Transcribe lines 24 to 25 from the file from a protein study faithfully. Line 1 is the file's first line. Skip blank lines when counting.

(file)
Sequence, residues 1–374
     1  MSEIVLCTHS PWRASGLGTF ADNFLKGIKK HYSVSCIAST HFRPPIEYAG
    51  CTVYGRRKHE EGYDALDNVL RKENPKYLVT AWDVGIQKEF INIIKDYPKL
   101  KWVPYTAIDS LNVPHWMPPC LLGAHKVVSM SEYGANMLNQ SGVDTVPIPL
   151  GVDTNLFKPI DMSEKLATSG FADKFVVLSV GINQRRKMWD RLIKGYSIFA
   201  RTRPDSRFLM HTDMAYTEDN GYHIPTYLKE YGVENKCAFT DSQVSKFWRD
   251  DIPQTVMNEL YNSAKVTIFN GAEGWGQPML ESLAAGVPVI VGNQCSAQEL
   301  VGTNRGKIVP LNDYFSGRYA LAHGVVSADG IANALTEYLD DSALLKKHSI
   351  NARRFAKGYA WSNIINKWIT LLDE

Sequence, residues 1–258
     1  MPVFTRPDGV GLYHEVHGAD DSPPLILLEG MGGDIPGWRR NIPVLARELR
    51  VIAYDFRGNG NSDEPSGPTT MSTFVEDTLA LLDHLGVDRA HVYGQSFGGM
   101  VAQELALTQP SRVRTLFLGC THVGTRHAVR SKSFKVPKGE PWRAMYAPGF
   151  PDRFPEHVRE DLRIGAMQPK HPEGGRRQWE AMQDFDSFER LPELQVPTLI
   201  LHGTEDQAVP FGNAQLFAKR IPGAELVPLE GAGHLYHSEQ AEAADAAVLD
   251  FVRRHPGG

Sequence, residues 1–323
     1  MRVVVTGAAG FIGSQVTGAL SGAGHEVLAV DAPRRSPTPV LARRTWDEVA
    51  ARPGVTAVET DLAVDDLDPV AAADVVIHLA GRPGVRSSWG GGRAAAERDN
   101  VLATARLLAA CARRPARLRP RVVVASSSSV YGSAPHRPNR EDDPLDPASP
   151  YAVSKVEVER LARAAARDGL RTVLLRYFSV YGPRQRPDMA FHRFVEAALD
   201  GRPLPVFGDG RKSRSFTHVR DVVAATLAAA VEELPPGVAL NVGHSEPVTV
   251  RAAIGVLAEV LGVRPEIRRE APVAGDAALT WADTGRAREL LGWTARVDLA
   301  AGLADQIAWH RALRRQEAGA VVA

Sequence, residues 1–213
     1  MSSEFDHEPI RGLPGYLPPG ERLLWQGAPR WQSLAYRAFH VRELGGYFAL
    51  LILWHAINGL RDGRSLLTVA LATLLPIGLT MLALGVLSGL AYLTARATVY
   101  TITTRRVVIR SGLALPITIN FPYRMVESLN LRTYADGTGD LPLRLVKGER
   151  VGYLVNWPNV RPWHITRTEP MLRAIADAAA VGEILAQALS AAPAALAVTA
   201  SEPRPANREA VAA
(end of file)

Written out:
   301  AGLADQIAWH RALRRQEAGA VVA

Sequence, residues 1–213